MILWAUKEE -- When Padres manager Bud Black finally gets around to climbing out of bed on Thursday morning in Denver, he'll be faced with the luxury of having a blank agenda awaiting him for the scheduled off-day.
How would he ideally spend the day?
"We got some hits last night, and today with the big output, there's a part of me that wants to play tomorrow to keep it going," Black said, smiling.
Black was probably only half-joking, though it was probably about as good a way as any to try and explain what occurred on Wednesday at Miller Park, as the Padres scored eight runs in the eighth inning en route to a 13-6 victory over the Brewers.
Six outs from being swept by the Brewers, which would have been a daunting start to an eight-game road trip, the Padres -- a team that has been shut out eight times and one that came into the game with a .219 team batting average -- pulled off the implausible.
Consider the Padres (15-22) finished with 23 hits, the most they've had in a game since Aug. 12, 2003, against Greg Maddux and the Braves.
The Padres sent 13 batters to the plate in that eighth inning and had nine hits, with three players -- Brad Hawpe, Jason Bartlett and Chris Denorfia -- smacking two hits apiece, as the Brewers (16-21) couldn't stem the flow of runs and San Diego, seemingly, couldn't make an out.
The nine hits in one inning were the most for the Padres since they had 10 in an inning against the Rockies on Sept. 12, 2004.
"It was fun," said Padres center fielder Cameron Maybin, who tied a career high with four hits. "You know, the effort has been there, the passion to compete has been there. It's nice to have one like this. It's a good feeling."
No more so than for Maybin, who may well have had the most important hit during the inning, a two-run double down the left-field line off Brewers reliever Kameron Loe to give the Padres an 8-6 lead. A third run scored on a throwing error on the play to make it 9-6.
That particular at-bat was a day in the making, as it was Loe who struck out Maybin in the eighth inning of Tuesday's 8-6 Brewers victory on a sinker away, as the Padres left two runners on.
This time, Maybin got his revenge, as he turned on a 0-1 sinker that Loe elevated just enough, sending it hard down the third-base line.
"He's got a very good sinker, and all I was trying to do was to get him up in the strike zone," Maybin said.
The 23 hits, when combined with the 12 hits the Padres had in the final four innings of Tuesday's loss, had Black encouraged by what he saw.
"It really does get contagious," Black said. "It's a small sample size, but we have seen some good signs the last two days."
Ryan Ludwick -- who entered the game hitting .181 and was dropped to sixth in the order -- had three hits, all going to the opposite field, as the Brewers seemed intent on pitching him away so that he couldn't extend his arms in a ballpark where runs can often come in abundance -- and in a hurry.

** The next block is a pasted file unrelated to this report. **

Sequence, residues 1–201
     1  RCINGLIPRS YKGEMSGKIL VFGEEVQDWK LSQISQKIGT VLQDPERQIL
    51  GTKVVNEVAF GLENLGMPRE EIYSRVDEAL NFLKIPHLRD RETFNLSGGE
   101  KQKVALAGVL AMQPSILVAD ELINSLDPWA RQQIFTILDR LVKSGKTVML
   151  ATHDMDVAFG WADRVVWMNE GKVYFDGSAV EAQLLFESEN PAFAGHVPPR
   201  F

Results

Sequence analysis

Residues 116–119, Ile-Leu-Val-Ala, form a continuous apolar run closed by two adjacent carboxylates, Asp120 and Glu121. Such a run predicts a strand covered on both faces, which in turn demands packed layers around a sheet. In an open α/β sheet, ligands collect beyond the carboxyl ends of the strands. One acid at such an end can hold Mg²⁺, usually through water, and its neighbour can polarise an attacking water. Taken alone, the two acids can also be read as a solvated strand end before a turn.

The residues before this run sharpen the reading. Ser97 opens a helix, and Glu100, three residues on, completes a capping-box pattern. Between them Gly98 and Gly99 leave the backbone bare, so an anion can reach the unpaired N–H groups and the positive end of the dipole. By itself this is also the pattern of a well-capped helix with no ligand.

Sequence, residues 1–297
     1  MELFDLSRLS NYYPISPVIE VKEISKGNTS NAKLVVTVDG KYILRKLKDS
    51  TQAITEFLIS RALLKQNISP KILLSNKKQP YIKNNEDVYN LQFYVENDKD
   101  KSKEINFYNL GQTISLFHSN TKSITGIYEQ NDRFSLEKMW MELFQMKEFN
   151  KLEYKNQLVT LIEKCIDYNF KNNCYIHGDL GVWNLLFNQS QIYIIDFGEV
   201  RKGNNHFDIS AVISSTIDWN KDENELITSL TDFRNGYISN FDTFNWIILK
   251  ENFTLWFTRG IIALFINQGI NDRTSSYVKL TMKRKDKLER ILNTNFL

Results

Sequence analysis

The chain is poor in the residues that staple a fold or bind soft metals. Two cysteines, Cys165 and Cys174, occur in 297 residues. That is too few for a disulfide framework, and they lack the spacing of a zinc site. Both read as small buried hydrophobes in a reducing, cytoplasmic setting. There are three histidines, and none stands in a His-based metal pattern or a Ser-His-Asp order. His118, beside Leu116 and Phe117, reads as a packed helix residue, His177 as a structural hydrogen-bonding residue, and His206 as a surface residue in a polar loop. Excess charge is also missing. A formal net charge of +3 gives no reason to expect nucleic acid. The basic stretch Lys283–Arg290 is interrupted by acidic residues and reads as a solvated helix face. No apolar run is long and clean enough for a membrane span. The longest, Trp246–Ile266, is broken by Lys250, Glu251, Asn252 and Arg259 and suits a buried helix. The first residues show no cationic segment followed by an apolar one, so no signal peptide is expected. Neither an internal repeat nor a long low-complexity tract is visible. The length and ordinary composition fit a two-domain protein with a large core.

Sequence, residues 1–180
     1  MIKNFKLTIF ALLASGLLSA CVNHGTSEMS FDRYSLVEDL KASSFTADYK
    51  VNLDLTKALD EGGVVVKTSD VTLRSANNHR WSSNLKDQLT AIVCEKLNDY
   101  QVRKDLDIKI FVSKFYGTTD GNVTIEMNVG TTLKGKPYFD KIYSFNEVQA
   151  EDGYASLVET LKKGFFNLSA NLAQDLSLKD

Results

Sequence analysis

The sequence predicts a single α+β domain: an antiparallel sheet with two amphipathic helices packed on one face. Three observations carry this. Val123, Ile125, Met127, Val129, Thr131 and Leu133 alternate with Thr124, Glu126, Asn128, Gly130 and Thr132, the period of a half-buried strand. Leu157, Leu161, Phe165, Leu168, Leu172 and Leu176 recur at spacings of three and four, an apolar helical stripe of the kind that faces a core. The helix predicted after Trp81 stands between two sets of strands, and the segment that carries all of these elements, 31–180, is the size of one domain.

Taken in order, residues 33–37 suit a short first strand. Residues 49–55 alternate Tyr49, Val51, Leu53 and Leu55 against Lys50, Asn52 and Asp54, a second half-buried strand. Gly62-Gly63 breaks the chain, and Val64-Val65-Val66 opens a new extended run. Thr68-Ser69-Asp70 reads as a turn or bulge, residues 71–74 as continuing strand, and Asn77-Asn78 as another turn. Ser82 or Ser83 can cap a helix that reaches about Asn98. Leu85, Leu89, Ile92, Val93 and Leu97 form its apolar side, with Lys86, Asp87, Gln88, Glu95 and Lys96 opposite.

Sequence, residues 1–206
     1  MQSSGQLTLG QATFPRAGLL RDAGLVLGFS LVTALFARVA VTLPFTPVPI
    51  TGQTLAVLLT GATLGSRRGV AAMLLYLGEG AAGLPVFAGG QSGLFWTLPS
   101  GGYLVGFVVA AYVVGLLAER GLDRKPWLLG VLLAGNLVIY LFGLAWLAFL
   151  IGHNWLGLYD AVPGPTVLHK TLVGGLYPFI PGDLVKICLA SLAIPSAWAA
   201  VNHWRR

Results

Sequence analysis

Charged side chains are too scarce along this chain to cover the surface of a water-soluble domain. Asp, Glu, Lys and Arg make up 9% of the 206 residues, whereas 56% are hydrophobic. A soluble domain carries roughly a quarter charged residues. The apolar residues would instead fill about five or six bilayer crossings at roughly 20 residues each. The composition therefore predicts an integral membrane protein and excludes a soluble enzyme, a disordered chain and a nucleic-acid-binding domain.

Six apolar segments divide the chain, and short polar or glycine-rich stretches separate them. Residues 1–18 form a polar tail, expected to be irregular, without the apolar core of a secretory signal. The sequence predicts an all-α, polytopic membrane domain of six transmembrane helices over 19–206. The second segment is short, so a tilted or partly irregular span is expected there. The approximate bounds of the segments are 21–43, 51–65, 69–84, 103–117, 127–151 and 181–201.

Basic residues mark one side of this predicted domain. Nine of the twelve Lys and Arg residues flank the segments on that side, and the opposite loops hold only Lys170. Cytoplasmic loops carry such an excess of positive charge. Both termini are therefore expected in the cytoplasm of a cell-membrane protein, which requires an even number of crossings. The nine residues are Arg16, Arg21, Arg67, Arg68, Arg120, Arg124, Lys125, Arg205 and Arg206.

It didn't matter, as Ludwick hit a two-run home run to right field in that eighth inning, his fifth home run of the season and his first since hitting two on April 25. His single in the first inning snapped an 0-for-21 skid.
"It's not about me; it's about the entire offense battling back and us not getting swept. As a whole in the three games, we pounded out some hits," Ludwick said.
And they didn't wait until the eighth inning to do it.
The Padres jumped on Brewers starter Randy Wolf for five runs in the first three innings, giving them some semblance of comfort, even at hitter-friendly Miller Park, as San Diego had its best starting pitcher, Tim Stauffer, on the mound.
"To give up 12 hits in three innings is awful," said Wolf. "It's hard to really put my finger on exactly what it was, but what it was awful. That's as plainly as I can put it."
But Stauffer started to elevate a few balls as the game wore on, allowing two runs in the fourth inning and three more in the fifth inning, as Prince Fielder tied the game at 5 with the 200th home run of his career.
Finally, the Brewers took a 6-5 lead when Stauffer allowed his second home run, a solo blast to Yuniesky Betancourt.
"The two home runs weren't good pitches," said Stauffer, who allowed six runs in 5 1/3 innings.
When the eighth inning rolled around, the Brewers still had a 6-5 lead, with reliever Mitch Stetter in the game. Stetter started the inning by allowing a pinch-hit single to Hawpe. He was replaced by Loe, who allowed singles to Denorfia and Bartlett before Will Venable moved them along with a sacrifice bunt. Loe then walked Chase Headley intentionally to load the bases for Maybin.
"I felt like I was ready," Loe said. "I got the ball up. I might not have been as strong as I thought I was."
When the dust had settled on the inning, the Padres were left to ponder an inning where just about everything they did turned out right. Where they had hits in critical situations (Maybin's double), a home run (by Ludwick) and enough hits with runners in scoring position to make their heads spin.
"It feels good to have things go your way sometimes," Headley said. "I know everyone wants to play it up like we can't hit ... and I know eight runs in an inning isn't common, but we're having better at-bats.
"It's just funny how it works out sometimes."